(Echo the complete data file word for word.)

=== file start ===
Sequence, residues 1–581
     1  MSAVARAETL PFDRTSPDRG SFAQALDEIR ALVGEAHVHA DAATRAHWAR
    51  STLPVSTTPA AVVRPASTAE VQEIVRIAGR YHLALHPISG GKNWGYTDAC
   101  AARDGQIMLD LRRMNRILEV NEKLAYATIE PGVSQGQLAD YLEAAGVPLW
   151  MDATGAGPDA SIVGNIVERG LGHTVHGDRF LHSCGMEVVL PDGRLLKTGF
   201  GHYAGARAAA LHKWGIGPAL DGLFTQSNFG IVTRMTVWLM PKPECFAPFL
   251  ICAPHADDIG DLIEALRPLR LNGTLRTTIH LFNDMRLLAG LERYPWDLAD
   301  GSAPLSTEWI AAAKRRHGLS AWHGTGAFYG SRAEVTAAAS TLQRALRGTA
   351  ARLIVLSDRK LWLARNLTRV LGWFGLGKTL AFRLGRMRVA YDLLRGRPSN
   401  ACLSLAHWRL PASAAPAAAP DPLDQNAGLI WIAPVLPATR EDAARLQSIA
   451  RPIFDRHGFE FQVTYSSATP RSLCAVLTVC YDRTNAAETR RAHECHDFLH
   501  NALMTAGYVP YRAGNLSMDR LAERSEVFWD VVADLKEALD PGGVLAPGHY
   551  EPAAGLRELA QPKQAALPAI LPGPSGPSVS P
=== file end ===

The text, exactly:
Sequence, residues 1–581
     1  MSAVARAETL PFDRTSPDRG SFAQALDEIR ALVGEAHVHA DAATRAHWAR
    51  STLPVSTTPA AVVRPASTAE VQEIVRIAGR YHLALHPISG GKNWGYTDAC
   101  AARDGQIMLD LRRMNRILEV NEKLAYATIE PGVSQGQLAD YLEAAGVPLW
   151  MDATGAGPDA SIVGNIVERG LGHTVHGDRF LHSCGMEVVL PDGRLLKTGF
   201  GHYAGARAAA LHKWGIGPAL DGLFTQSNFG IVTRMTVWLM PKPECFAPFL
   251  ICAPHADDIG DLIEALRPLR LNGTLRTTIH LFNDMRLLAG LERYPWDLAD
   301  GSAPLSTEWI AAAKRRHGLS AWHGTGAFYG SRAEVTAAAS TLQRALRGTA
   351  ARLIVLSDRK LWLARNLTRV LGWFGLGKTL AFRLGRMRVA YDLLRGRPSN
   401  ACLSLAHWRL PASAAPAAAP DPLDQNAGLI WIAPVLPATR EDAARLQSIA
   451  RPIFDRHGFE FQVTYSSATP RSLCAVLTVC YDRTNAAETR RAHECHDFLH
   501  NALMTAGYVP YRAGNLSMDR LAERSEVFWD VVADLKEALD PGGVLAPGHY
   551  EPAAGLRELA QPKQAALPAI LPGPSGPSVS P